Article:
Wednesday, June 8, 2016


The LENAPE (a.k.a. Algonquin) word that meant “be PURE” was recorded by the Moravian Missionaries as a sound spoken by a LENAPE historian, who was trying to tell the missionaries about the LENAPE history.
The missionaries wrote the sound as “LINAPIWI.” The missionaries did an exceptionally good job of recording the sounds they heard.
 The American people said “LINAPIWI” that way.
But neither the missionaries or the American people understood that 500 years earlier the person, who composed the self-validating stanza, used the PHRASE
 “Hreina buui,” which means “be PURE” in Old Norse.
If “h” means a puff of air, then "PURE" is “REIN" in Old Norse.
Most of us already know that when we sing “Rudolf, the Red Nosed “REIN” deer, Rudolf is a PURE deer.
-  -  -  -  -  -  -  -  -

LOOK up RENAPE in the VIKING and the RED MAN. (VOLUME 1).
But how did REIN become LIN.
Ah, There is that well-known L-R pronunciation problem.   Some of us, older scholars, remember the “Rots of Ruck, Yank” humor that came back with the survivors from one of the bloodiest war zones—Guadalcanal-- of world war II.   Some of us, newer scholars, can still hear the L-R pronunciation problems when the Asian Kids speak in our universities.
Well,  whether you use “L” or “R” in pronunciation d.ur parents, and their friends, used.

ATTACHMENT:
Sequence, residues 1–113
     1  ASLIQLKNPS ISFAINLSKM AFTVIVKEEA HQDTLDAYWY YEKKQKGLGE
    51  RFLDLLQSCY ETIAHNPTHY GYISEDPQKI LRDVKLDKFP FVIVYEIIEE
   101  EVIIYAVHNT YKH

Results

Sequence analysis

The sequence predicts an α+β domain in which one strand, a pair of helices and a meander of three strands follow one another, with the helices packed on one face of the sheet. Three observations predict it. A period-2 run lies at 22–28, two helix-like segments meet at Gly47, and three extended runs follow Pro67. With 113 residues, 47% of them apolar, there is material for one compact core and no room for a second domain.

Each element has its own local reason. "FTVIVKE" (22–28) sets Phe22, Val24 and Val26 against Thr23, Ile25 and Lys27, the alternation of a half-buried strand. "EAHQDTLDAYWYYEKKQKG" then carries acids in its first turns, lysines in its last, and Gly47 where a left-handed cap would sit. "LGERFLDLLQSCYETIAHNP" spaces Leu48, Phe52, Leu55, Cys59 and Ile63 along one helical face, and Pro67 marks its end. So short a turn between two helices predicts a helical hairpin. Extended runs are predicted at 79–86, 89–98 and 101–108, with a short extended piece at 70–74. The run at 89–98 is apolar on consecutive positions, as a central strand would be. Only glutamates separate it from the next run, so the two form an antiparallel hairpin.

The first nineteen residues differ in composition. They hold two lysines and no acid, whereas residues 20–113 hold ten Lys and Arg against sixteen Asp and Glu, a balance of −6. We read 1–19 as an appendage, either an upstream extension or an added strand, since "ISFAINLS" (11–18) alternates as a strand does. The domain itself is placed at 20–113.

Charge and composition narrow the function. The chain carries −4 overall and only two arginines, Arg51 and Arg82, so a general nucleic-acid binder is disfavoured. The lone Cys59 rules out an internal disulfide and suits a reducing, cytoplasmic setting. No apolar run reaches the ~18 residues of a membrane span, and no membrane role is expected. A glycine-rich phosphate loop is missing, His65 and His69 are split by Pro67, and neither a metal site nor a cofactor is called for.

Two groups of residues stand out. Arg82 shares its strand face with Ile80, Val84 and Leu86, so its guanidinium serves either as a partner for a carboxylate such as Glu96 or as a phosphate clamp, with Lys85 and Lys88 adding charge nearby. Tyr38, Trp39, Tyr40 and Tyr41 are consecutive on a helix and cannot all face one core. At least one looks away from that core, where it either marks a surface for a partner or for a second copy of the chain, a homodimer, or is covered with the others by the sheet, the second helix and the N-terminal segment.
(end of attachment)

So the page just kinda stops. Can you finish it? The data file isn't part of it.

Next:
From Iceland toward the east the Scandinavians’ take great pride in rolling their “r-r-r”s.  From Greenland, toward the west, the same words with the same meanings are pronounced with “L”,s.  So, the LEN (or LIN) syllable in America means the same as the REN syllable in a Norwegian Dictionary.
[I think, given the high salaries that we pay Linguistic professors, they could take a few minutes to write a simple lesson about the differences of American and Norwegian languages.]
But now, you know, the syllable “LEN” or ”LIN” means PURE as in “Baptized to be "PURE."
The word "Shawnee" means "Southern" as in
"Southern Lenape" when the Lenape were still in Greenland to the North.

How many "LEN" ("Lin")  or "Shawnee" tribes can you find on this map?
How many of these tribes were Christian when the English invaded?
to join the discussion in the,
American History Organisation



  1. You really need to study some Algonquian before making such idiotic comparisons
    Nape Nabe, Nagi, Naki are all variations of the word "people" as in
    Le nape, waba naki, Anishi nabe.
    Your whole theory is racist dreck.

    1. Perhaps you need a math refresher. Fifteen thousand words of the Algonquin language, Which Reider T. Sherwin put into eight volumes, is nearly all the Algonquin words that exist.
      But your source of data also errors. The “aki” in Waban aki means “land.” Not “people.”